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Debt Accounting Rules Flagged as Still too Complex for Private Companies

Denise Lugo  Editor, Accounting and Compliance Alert

· 5 minute read

Denise Lugo  Editor, Accounting and Compliance Alert

· 5 minute read

Private companies still find the accounting rules for debt modifications and extinguishments tough to understand, even with educational material the FASB issued a few years ago, board advisers signaled.

Applying debt rules is complicated, including when multiple lenders involved, according to the Private Company Council (PCC) — a panel that works with the FASB to amend US GAAP for private companies. A simple accounting workaround is needed, PCC members said on April 18, 2024.

“If you gave private companies, for example, an expedient of sorts or a way to just apply extinguishment accounting, I think that would give clarity to how those costs ultimately are being treated – gains, losses, lender costs, third-party costs,” Douglas Uhl, director, corporate accounting policy at Chick-fil-A, Inc., said. “And so, I think users would have the information that they would need to understand what happened in that ultimate change in your debt but take away a lot of those 10% cash flows test and things that are really difficult for private companies.”

Simplifications should be considered for the “modification versus extinguishments” debt accounting, including “the specific treatment of the extinguishment calculation itself” and “the fair value of the new debt consideration,” David Finkelstein, director with SingerLewak LLP, added.

Another area is “how to account for debt issuance and debt discounts and whether the application of the effective rate method is required for private companies,” Michael Cheng, national professional practice partner for Frazier & Deeter LLC, said. “I think that that’s an easy solution.”

The PCC was established in 2012. It is composed of 12 members who work at various companies and organizations as financial statement preparers, auditors, and users.

‘High Interest Rate Environment’

The topic was also raised during last year’s PCC discussions in December which suggested that simplifications be provided so that private companies can bypass the required evaluations and account for the transaction as a debt extinguishment. Some accountants also questioned whether it is necessary to have different guidance for term debt and line-of-credit or revolving-debt arrangements when evaluating debt modifications and extinguishments.

Debt issues come at a time when companies are starting to see the impact of “the high interest rate environment that we’re currently experiencing,” the discussions revealed. There are significant challenges with commercial real estate resulting in many companies either refinancing to stay in compliance with debt covenants or banks rewriting covenants to help their clients stay in compliance when other company metrics are fairly sound. “Over the next few months, the number of defaults seen will tell a lot of the story about commercial real estate exposure.”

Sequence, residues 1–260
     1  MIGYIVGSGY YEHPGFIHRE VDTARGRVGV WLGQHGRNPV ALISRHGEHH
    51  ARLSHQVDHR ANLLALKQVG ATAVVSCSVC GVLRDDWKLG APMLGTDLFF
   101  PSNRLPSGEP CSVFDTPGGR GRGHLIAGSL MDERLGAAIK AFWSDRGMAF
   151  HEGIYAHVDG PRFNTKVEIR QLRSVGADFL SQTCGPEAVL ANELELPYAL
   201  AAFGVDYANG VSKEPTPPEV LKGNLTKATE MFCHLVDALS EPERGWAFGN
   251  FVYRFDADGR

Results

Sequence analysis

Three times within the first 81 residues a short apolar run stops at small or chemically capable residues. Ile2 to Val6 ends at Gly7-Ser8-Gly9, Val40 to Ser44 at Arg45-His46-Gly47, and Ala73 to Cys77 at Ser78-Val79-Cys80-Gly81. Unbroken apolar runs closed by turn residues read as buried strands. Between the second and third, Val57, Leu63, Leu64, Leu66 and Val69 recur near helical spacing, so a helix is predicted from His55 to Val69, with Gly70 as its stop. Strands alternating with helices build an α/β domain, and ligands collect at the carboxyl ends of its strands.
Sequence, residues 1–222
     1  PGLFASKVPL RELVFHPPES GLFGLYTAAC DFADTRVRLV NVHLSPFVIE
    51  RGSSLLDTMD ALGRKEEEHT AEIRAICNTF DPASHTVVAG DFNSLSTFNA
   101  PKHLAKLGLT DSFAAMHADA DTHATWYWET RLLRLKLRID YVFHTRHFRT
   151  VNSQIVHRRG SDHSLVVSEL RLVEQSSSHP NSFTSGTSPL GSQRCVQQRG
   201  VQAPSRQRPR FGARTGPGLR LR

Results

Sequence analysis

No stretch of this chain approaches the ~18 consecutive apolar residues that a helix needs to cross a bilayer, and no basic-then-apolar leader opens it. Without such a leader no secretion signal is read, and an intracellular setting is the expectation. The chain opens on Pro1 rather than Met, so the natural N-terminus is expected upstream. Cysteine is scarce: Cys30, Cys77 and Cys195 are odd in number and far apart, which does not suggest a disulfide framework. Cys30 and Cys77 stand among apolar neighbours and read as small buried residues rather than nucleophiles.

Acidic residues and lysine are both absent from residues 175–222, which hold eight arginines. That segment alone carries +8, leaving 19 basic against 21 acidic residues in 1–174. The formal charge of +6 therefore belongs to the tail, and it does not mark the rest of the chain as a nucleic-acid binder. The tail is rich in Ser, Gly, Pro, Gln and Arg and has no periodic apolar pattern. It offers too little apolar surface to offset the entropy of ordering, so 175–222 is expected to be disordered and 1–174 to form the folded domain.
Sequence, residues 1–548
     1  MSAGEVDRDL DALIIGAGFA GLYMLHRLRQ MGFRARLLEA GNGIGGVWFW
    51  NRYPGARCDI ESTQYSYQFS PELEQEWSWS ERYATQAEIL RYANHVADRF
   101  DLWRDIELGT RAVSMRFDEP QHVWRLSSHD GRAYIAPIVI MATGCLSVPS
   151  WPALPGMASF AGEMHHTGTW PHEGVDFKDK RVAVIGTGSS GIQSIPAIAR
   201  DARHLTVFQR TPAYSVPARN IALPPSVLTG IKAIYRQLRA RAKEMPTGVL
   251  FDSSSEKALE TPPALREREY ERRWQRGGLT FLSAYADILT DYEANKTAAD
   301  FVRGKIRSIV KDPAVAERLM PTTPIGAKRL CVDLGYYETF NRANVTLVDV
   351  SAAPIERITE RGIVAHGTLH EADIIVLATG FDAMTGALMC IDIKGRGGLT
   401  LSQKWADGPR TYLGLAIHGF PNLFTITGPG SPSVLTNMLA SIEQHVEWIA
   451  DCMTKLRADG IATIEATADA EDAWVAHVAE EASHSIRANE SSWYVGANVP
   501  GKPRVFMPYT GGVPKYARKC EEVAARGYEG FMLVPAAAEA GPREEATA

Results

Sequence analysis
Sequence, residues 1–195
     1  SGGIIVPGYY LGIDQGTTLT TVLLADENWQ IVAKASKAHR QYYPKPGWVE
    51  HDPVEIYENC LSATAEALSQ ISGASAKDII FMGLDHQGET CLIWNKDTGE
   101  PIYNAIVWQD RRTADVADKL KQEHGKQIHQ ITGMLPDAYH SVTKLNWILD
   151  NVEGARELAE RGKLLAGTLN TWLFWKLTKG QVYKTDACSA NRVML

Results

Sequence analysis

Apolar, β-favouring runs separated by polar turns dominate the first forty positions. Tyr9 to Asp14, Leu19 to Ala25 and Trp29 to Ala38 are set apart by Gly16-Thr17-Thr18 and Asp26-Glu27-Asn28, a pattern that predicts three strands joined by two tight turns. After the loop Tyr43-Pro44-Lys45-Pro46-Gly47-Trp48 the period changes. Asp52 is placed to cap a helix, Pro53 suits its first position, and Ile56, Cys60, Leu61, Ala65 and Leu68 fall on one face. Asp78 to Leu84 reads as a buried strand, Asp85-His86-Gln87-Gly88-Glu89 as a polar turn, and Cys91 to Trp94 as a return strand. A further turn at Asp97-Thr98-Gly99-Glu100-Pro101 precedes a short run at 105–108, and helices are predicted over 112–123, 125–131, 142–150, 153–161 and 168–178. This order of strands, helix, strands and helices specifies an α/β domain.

Also mentioned is that refinancing issues go beyond just banks as “there has been an increase in middle-market and smaller companies coming to banks as they are nearing violation of debt covenants, and this is resulting in going concern issues arising.” However, there “haven’t been any increases in recalled loans, just more clients refinancing or debt covenants being rewritten.”

Current Rules.

About four years ago, the FASB issued Borrower’s Accounting for Debt Modification, an educational staff paper that explains current guidance on debt, including Subtopic 470-50, Debt—Modifications and Extinguishments.

Subtopic 470-50 requires that a company assess whether a modification or extinguishment of debt has occurred when a company modifies the terms of an existing debt instrument or issues a new debt instrument and concurrently satisfies an existing debt instrument, according to meeting papers.

To determine whether the original debt has been modified or extinguished, a company needs to compare the present value of the cash flows from the terms of the new debt instrument and the present value of the remaining cash flows from the original debt instrument on a lender-by-lender basis.

If the difference in the present value of the cash flows is greater than 10%, the transaction is accounted for as an extinguishment of the original debt instrument. When debt is extinguished, the original debt is derecognized and a gain or a loss equal to the difference between the carrying amount of the original debt and the fair value of the new debt is recognized. Any new fees paid to, or received from, the existing lender(s) are required to be expensed, and any new fees paid to third parties are capitalized and amortized as debt issuance costs. If the difference in the present value of the cash flows is less than 10%, the transaction is accounted for as a modification of the original debt. When debt is modified, no gain or loss is recognized, and any new fees paid to or received from the existing lender(s) are capitalized and amortized.


This article originally appeared in the April 28, 2024, edition of Accounting & Compliance Alert, available on Checkpoint.

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